“Kids were falling behind,” she says in an interview. “In our largest school districts … we had the teachers unions that were winning out, and we had kids that hadn’t been in a classroom since August. ... We had teachers that had been unable to connect with students for over nine weeks, and there was nothing that they could do about it. The lessons for the day ranged from 60 minutes to 90 minutes, and they were done.” Most of the affected students were disadvantaged kids in the inner-city public school system. “We had 55 percent in one of our public schools of high school kids and 21 percent [of] middle school kids that were getting a D or an F in the fall. We saw a 21 percent decrease in first-grade literacy.” Some schools weren’t even holding final exams. “They were just doing chapter exams because they knew that the kids couldn’t pass a comprehensive final exam based on the amount of time that they were teaching the courses.”
Reynolds decided that enough was enough. “The metrics support the kids being in school. We can do it safely,” she concluded. In her Condition of the State address on Jan. 12, Reynolds called on lawmakers “to immediately send a bill to my desk that gives parents the choice to send their child back to school full time.” The state Senate quickly approved the measure 29-18, the House passed it 59-39, and Reynolds signed it into law on Jan. 29. Just one lone Democrat had the courage to breaks ranks with the unions and support it.
Before introducing the legislation, Reynolds began attending local school board meetings via Zoom so she could hear the concerns of parents. She was shocked to see the contempt with which parents were treated. “The school boards were bullying parents, literally bullying,” she tells me. “I had parents tell me they were afraid to go to the meetings. They weren’t allowed to ask questions. They weren’t given answers.”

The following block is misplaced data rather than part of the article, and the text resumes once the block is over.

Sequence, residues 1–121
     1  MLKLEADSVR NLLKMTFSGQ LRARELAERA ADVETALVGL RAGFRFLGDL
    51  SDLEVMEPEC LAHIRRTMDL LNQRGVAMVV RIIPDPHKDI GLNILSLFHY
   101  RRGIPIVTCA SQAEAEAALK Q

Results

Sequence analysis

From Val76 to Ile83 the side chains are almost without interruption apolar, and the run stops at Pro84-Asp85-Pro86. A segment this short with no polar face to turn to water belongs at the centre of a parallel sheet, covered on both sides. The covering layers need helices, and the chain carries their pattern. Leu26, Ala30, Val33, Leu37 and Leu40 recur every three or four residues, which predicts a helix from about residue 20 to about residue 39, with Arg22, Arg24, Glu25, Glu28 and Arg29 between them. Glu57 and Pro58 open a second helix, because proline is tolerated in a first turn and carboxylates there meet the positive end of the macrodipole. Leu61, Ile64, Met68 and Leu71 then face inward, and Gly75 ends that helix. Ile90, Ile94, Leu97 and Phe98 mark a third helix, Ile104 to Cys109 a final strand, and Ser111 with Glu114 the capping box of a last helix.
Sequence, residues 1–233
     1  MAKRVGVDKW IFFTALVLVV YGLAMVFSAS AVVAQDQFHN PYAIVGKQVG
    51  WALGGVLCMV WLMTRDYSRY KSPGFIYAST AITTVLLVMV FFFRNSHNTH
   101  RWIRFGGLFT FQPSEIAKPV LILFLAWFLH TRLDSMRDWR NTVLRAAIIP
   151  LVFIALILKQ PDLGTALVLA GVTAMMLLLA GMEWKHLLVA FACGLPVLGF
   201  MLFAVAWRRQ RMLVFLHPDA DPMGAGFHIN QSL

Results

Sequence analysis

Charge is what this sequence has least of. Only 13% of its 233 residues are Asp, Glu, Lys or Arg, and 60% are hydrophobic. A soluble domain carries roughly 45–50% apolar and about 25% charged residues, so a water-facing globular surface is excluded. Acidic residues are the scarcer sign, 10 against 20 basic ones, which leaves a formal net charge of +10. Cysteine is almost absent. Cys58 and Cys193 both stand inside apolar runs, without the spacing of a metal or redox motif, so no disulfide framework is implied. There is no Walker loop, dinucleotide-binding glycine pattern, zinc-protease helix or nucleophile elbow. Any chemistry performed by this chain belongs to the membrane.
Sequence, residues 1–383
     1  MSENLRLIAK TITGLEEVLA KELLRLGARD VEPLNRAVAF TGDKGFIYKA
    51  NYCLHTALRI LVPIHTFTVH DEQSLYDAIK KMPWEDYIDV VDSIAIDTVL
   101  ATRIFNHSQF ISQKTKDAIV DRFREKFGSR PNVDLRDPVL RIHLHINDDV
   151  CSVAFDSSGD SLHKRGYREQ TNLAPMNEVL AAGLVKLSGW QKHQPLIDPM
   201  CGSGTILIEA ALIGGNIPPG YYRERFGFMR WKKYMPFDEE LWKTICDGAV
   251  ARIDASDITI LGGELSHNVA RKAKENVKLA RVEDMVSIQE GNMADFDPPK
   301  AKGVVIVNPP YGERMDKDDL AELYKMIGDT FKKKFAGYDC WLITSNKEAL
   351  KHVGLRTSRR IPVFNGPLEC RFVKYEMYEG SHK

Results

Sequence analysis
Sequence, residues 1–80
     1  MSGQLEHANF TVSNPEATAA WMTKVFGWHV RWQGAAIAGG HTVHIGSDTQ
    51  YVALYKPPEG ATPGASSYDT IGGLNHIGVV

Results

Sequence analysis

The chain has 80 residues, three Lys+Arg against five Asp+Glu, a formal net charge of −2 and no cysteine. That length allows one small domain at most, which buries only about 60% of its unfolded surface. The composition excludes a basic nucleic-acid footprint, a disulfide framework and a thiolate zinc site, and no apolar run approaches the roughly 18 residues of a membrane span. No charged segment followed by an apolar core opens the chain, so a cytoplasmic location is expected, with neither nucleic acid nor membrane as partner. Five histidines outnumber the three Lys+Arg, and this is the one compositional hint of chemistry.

At one meeting, Reynolds says, a parent who is a professor at Iowa State University explained that she was teaching in person and offered to walk the school board through the mitigation measures the university had put in place. The school board wasn’t interested. “They said, ‘If you want your child to be in the classroom, then you should just go buy a house in the neighboring district,’” Reynolds says. “Now, how just unconscionable is that?”
Reynolds thought Iowa had broken the stranglehold of the teachers unions in 2017, when she was lieutenant governor and the state eliminated collective bargaining for public-sector unions. But despite those reforms, she found that many local school boards remained beholden to the unions. At one school board meeting, she says, she learned of a “teachers [union] in one of our larger metropolitan areas, Des Moines, that actually took a vote not to be considered essential workers” to avoid returning to the classroom. Parents were saying teachers were essential, and the board told them that, actually, they were not. “I was listening. ... I could not believe I was hearing what I was hearing. ... They weren’t putting the students first.”
To change that, Reynolds has introduced the Students First Act. It mandates open enrollment in all public schools, so parents can decide where to send their kids; allows the creation of charter schools independent of local school districts; and provides students in low-performing public schools with education savings accounts, so parents can choose where their education dollars are spent. “We need to turn this over to parents,” she says. “My definition of local control is parental control.”
Reynolds believes the pandemic has created a moment of clarity, when frustrated parents across the country have finally had enough and are ready to take back control of their children’s education. “If we don’t take advantage of this moment … then shame on us,” she says. If only we saw that kind of boldness in the Oval Office. As more Americans learn about Reynolds’s leadership, perhaps one day we will.